Black PirateWell, I dunno if that has anything to do with why I love the tales. But love 'em I do. For several years I studied iai-do the way of the fast-draw sword, though I've not done it for some while & no good at it anymore. It was undertaken partly as research while I was writing the Tomoe Gozen Saga, three novels about a woman samurai that were originally published by Ace Books. Tomoe Gozen actually existed in medieval Japan, but my books were fantasy with only an echo of authentic history about them, though I think ther is something of true spiritual history of martial philosophy in those pages. The first of these novels was recently re-released by Pacific Warriors, Inc., in a corrected edition & titled The Disfavored Hero. You'll find a little advertisment on how to obtain this book if you go to the written for sale in the Announcements Page & scroll dow nto the illustration of Tomoe on horseback with swords upraised. When I finished the lengthy process of writing those tales of swashbuckling mayhem of bloody slaughter, I sort of drifted away from studying martial arts. At heart I'd rather be up on the fo'castle reading a book rather than hone skills that might permit me to lop a few heads off their shoulders.

I founded Violet Books Dot Com not just as a place to sell books of the sort I could honestly praise, but also to in general celebrate the kinds of fiction that the literary academicians have too often poo-poo'd as "merely" escapist or anti-intellectual or down-market. But even the academics have come around & the popular literature of each generation is increasingly recognized for its merits. Violet Books Dot Com has been linked to fan websites, university websites, & all kinds of bibliomaniacal locations all over the web. Which suggests I'm succeeding at my main goal: To have an information-rich website that will be exceedingly valuable to anyone who loves old adventure tales & fantasies & vintage juvenile books, whether or not there is ever any need to purchase a book from me.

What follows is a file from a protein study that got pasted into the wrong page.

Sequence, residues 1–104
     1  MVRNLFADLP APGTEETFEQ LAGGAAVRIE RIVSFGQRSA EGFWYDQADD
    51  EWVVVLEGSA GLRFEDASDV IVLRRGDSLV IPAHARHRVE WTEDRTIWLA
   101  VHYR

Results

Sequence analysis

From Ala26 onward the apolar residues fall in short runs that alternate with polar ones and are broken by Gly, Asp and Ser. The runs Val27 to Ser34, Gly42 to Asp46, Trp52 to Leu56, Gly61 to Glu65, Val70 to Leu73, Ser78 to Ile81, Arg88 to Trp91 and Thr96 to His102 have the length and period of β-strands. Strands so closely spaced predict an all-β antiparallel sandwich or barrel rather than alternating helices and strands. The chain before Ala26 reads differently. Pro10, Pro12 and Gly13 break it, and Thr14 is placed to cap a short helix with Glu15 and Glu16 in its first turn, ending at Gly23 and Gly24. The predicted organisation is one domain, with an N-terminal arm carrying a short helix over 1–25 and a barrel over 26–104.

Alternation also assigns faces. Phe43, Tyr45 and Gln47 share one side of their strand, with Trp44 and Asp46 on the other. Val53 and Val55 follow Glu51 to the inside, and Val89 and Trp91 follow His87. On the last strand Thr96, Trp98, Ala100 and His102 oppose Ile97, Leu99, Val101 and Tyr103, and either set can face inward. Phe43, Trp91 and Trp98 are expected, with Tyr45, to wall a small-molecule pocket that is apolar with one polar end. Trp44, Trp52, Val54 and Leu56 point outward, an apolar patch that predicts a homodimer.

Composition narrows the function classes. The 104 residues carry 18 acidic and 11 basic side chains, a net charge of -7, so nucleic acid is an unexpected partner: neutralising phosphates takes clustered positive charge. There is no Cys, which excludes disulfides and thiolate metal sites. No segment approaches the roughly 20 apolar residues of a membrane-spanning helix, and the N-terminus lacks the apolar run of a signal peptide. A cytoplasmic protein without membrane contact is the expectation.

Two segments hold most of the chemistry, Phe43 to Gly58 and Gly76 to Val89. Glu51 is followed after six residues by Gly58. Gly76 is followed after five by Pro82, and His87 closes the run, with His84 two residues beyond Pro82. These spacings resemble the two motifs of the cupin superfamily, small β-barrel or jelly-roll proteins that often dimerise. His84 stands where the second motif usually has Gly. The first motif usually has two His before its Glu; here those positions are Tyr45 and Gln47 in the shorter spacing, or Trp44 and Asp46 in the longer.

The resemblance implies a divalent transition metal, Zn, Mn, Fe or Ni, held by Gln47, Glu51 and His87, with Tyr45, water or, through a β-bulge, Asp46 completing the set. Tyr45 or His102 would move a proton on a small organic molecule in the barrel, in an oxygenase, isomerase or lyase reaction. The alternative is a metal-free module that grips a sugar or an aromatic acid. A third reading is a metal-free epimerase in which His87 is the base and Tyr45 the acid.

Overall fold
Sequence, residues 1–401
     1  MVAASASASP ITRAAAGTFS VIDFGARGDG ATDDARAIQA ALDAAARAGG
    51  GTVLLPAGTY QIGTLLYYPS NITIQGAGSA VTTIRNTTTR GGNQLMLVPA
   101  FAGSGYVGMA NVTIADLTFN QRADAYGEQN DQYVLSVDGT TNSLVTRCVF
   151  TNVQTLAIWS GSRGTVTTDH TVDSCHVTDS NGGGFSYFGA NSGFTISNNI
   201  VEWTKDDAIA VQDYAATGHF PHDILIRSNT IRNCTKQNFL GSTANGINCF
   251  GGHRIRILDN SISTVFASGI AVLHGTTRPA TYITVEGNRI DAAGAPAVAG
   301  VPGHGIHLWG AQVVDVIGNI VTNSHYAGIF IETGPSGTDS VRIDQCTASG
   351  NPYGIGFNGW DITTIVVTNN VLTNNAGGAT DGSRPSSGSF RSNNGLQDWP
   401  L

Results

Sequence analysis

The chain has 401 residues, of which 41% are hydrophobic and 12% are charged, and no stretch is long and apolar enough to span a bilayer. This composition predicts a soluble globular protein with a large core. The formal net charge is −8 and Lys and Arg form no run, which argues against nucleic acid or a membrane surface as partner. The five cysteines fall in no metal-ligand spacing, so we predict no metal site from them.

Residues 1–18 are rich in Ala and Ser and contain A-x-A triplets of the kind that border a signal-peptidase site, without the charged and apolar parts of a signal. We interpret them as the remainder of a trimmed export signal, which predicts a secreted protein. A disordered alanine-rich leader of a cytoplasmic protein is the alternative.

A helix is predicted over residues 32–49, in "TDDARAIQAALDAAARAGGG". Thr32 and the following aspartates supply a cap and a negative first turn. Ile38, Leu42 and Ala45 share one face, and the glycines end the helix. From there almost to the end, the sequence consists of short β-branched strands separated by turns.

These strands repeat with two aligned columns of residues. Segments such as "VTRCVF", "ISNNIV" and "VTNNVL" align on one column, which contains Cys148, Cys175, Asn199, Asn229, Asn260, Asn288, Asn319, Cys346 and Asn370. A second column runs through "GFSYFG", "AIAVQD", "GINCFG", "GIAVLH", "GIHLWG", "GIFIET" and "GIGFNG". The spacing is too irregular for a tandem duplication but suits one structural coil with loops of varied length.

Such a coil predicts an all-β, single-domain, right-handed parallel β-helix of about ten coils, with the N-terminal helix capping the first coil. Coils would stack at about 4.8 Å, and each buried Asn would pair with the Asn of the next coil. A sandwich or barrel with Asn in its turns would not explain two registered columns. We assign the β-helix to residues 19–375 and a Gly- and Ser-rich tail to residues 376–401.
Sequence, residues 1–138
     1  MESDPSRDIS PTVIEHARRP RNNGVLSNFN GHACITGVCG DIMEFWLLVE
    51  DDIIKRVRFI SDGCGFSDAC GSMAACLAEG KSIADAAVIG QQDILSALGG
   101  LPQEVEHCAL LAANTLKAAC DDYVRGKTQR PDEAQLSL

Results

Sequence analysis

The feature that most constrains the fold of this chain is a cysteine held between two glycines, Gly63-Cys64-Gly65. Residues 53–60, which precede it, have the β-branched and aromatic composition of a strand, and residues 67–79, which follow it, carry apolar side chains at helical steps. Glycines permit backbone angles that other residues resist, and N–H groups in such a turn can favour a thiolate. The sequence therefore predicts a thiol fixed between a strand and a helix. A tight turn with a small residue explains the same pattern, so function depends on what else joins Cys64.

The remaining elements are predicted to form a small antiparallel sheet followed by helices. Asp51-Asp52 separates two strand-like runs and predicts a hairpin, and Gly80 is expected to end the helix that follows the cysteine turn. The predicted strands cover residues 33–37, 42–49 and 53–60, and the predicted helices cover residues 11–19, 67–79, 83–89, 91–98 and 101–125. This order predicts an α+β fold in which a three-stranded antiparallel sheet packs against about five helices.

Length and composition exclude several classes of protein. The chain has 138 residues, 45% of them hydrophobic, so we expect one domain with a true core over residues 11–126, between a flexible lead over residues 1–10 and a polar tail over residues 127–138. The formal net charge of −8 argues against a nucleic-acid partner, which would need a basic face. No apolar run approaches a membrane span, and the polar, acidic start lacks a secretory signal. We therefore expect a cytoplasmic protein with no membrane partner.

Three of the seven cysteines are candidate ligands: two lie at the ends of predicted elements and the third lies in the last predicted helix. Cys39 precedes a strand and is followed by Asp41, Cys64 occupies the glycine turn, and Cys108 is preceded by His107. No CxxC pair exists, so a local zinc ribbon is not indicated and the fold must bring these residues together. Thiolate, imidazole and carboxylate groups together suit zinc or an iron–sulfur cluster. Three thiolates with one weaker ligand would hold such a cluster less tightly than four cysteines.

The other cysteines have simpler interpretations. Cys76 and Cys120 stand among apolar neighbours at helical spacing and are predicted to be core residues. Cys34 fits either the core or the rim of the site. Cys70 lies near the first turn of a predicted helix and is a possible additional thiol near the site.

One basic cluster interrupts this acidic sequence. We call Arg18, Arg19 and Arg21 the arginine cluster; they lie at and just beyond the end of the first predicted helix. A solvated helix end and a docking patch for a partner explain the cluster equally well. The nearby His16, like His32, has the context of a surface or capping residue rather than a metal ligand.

I cover a wide spectrum of vintage fiction & over time the number of essays & art features just on swashbucklers, historicals, & heroic fantasy — all manner of "sword fiction" — is getting to be impressive all by itself. If you want to see the full array of essays, bibliographies, & galleries at Violet Books Dot Com you can use the navigator bar at the bottom of the page to negotiate the complete website. The present page, however, is all you need to find your way amidst an array of material about swashbucklers.


George GriffithOn Swashbucklers & Other Histories:

On Stanley Weyman, greatest of the Yellow Nineties Swashbuckling Romancers.

The Annotated Stanley Weyman Bibliography will acquaint you with all his works.

The Pirate Novels of Col. Prentiss Ingraham illustrated with very colorful dustwrappers for the whole series.

The Life & Times of Jeffery Farnol, Esq is a short biography of the last great master of swashbuckling romance.

Arthur St. John Adock on Jeffery Farnol is a leading critic's 1923 assessment if the great romancer.

The Jeffery Farnol Dustwrapper Gallery will acquaint you with illustrators for one of the masters of swashbuckling fiction.

Annotated Jeffery Farnol Bibliography shall assist you in compiling a set of his thrilling swashbucklers.